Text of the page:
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Windows Manifest Files


In this post I'm going to look at Windows Manifest Files, what they do, why we need them and how to use them in Delphi and FinalBuilder.

We often get asked questions about UAC prompts, High DPI settings, Windows Themes etc when compiling Delphi & C++Builder projects in FinalBuilder. In this post we'll dissect windows manifest files, and look at how the project settings in Rad Studio interact with the manifest file, and why you should use a custom manifest file.

What is a manifest file and what's it for?

A manifest is an xml file, which is typically embedded as a resource (it can be a separate file, but it's not a good practice and is not recommended) in your native windows executable (x86 or x64). This file has information that tells windows (vista or later) what parts of windows it supports, what permissions it needs (UAC), what common control dependencies it has (Windows Side-by-Side loading).

Without a manifest resource, windows has no idea what permissions your application needs, and will not treat your application kindly. You will find things like common controls (file dialogs etc) look strange, attempts to write to files failing and other general misery. In fact your application may fail to run at all on some systems.

Ok, so now we know we really need a manifest, what does that look like.

<assembly xmlns="urn:schemas-microsoft-com:asm.v1" manifestVersion="1.0" xmlns:asmv3="urn:schemas-microsoft-com:asm.v3">
    <assemblyIdentity 
        name="VSoftTechnologies.FinalBuilder" 
        processorArchitecture="x86" 
        version="8.0.0.0" 
        type="win32"
    />
    <description>FinalBuilder is a GUI-based build automation tool for Windows developers.</description>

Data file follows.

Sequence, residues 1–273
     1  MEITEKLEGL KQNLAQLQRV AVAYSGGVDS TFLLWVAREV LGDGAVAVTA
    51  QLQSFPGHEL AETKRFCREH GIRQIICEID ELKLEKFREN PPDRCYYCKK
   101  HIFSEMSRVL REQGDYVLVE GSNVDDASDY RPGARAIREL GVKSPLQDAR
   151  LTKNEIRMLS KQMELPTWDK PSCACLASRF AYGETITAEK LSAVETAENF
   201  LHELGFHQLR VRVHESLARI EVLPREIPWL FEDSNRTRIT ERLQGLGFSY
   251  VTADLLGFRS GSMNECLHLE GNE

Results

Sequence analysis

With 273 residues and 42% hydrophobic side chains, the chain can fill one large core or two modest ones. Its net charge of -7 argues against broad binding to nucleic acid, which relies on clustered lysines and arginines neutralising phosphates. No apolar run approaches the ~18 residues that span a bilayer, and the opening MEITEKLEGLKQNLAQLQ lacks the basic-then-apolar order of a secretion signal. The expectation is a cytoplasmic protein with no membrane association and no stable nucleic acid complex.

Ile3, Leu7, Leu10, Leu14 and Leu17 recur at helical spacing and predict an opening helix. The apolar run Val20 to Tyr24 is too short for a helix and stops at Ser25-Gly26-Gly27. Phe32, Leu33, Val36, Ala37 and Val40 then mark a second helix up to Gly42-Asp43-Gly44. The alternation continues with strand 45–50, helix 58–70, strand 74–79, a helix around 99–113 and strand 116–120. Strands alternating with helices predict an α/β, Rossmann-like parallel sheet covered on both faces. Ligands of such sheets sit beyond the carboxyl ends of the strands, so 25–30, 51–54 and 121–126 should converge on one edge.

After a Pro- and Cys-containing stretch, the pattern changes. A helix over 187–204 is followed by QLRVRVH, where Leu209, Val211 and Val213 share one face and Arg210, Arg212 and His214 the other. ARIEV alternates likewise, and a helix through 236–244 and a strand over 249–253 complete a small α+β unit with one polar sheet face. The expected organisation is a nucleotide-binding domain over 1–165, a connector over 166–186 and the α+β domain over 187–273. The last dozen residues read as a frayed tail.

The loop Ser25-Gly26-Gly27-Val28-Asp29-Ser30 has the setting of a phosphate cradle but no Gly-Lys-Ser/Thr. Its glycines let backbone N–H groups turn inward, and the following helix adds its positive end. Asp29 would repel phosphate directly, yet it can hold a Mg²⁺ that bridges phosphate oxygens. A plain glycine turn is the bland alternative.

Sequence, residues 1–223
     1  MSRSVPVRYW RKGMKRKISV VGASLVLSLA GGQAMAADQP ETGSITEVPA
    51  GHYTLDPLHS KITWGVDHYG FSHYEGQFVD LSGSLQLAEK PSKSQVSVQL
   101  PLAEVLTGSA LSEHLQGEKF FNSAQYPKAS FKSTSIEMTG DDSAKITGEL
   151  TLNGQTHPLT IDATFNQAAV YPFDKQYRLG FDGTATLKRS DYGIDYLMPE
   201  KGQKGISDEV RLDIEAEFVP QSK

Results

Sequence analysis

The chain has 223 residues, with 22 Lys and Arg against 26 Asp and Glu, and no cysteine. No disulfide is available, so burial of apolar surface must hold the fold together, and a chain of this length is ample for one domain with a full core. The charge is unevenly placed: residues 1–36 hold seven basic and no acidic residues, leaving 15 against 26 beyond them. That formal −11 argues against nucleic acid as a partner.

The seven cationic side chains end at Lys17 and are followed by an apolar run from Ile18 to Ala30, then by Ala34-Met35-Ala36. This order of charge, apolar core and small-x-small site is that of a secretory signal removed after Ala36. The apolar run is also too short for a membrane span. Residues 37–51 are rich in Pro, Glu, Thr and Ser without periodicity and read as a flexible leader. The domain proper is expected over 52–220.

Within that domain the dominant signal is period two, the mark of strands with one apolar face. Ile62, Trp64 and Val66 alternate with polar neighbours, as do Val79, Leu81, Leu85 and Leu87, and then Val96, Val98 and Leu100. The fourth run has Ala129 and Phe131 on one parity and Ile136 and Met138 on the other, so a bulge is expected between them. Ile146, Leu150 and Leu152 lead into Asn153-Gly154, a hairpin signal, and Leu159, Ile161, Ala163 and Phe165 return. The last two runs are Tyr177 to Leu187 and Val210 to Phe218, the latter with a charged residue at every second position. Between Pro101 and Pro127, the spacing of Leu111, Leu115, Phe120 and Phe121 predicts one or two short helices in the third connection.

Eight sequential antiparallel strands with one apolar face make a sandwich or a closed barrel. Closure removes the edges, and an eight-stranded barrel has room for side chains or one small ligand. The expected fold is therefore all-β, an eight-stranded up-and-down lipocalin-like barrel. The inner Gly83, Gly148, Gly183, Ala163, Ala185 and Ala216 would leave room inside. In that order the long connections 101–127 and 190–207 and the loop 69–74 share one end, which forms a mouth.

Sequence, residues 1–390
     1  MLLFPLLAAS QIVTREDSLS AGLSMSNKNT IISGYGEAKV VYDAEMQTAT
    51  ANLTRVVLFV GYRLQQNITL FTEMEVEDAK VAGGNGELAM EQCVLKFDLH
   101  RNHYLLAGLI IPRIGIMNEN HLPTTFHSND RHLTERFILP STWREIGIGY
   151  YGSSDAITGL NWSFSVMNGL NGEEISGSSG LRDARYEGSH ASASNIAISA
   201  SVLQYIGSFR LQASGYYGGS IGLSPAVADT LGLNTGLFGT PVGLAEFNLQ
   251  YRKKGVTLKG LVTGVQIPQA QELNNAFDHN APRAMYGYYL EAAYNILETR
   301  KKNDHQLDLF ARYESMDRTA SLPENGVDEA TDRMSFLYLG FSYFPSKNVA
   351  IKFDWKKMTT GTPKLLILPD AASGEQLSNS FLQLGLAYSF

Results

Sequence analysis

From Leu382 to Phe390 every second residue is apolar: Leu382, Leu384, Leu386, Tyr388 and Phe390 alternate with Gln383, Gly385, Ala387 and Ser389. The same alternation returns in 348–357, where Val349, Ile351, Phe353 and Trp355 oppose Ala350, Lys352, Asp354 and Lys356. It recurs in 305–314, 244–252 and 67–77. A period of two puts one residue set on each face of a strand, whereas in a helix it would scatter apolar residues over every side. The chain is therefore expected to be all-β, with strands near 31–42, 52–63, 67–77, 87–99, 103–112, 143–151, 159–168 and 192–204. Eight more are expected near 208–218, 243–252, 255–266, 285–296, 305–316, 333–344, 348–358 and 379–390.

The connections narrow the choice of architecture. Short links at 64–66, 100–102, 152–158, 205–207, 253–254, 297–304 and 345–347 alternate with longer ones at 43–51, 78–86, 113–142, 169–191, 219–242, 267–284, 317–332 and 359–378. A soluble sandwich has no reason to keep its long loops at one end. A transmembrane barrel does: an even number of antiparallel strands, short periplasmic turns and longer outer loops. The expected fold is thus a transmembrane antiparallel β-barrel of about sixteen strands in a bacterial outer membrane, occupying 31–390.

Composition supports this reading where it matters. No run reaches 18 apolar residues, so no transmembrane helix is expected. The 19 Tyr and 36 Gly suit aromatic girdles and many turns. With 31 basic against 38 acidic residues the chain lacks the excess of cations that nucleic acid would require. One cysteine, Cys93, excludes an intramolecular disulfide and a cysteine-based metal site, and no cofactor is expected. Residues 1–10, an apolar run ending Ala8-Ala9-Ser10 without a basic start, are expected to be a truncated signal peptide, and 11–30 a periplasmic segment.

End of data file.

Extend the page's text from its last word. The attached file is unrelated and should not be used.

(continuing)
<dependency>
        <dependentAssembly>
            <assemblyIdentity 
                type="win32"    
                name="Microsoft.Windows.Common-Controls" 
                version="6.0.0.0"
                processorArchitecture="x86" 
                publicKeyToken="6595b64144ccf1df" 
                language="*" 
            />
        </dependentAssembly>
    </dependency>
    <trustInfo xmlns="urn:schemas-microsoft-com:asm.v2">
        <security>
            <requestedPrivileges>
                <requestedExecutionLevel level="asInvoker" uiAccess="false" />
            </requestedPrivileges>
         </security>
    </trustInfo>
    <compatibility xmlns="urn:schemas-microsoft-com:compatibility.v1">
        <application>
            <!--The ID Below indicates application support for Windows Vista and Windows Server 2008 -->
            <supportedOS Id="{e2011457-1546-43c5-a5fe-008deee3d3f0}"/> 
            <!--The ID Below indicates application support for Windows 7 and Windows Server 2008 R2 -->
            <supportedOS Id="{35138b9a-5d96-4fbd-8e2d-a2440225f93a}"/>
            <!--The ID Below indicates application support for Windows 8 and Windows Server 2012 -->
            <supportedOS Id="{4a2f28e3-53b9-4441-ba9c-d69d4a4a6e38}"/>
            <!--The ID Below indicates application support for Windows 8.1 and Windows Server 2012 R2 -->
            <supportedOS Id="{1f676c76-80e1-4239-95bb-83d0f6d0da78}"/>
            <!--The ID Below indicates application support for Windows 10 and Windows Server 2016 -->
            <supportedOS Id="{8e0f7a12-bfb3-4fe8-b9a5-48fd50a15a9a}"/>
        </application>
    </compatibility>
</assembly>

The above example is actually the manifest file used in the FinalBuilder IDE. Lets break it down.

AssemblyIdentity

The assemblyIdentity tells windows about your application and what the system architecture requirements are. This should be unique. Note that the type, name and version attributes are required. Typically, the version field just has the major version info, I guess you could update it with the exact version each time, but I've never found the need to do that.

Description

The description field is pretty self explanatory.

Dependency

The dependency section is where you describe the side by side dll dependencies, which for Delphi/C++ Builder applications means windows common controls. This is pretty standard stuff, but it's important because without it, your application will have pretty strange looking file dialogs, if it loads at all.

TrustInfo

The trustinfo section is all about security, it tells windows what sort of permissions your application should be given. The requestedExecutionLevel level attribute has 3 possible values :

  • asInvoker - requesting no additional permissions. This level requires no additional trust prompts.
  • highestAvailable - requesting the highest permissions available to the parent process. When a standard user runs the application, it will behave the same as asInvoker, ie no UAC prompt. If an administrator runs the application, they will see a UAC prompt.
  • requireAdministrator - requesting full administrator permissions. All users will see a UAC prompt, standard users will be required to enter an administrator password.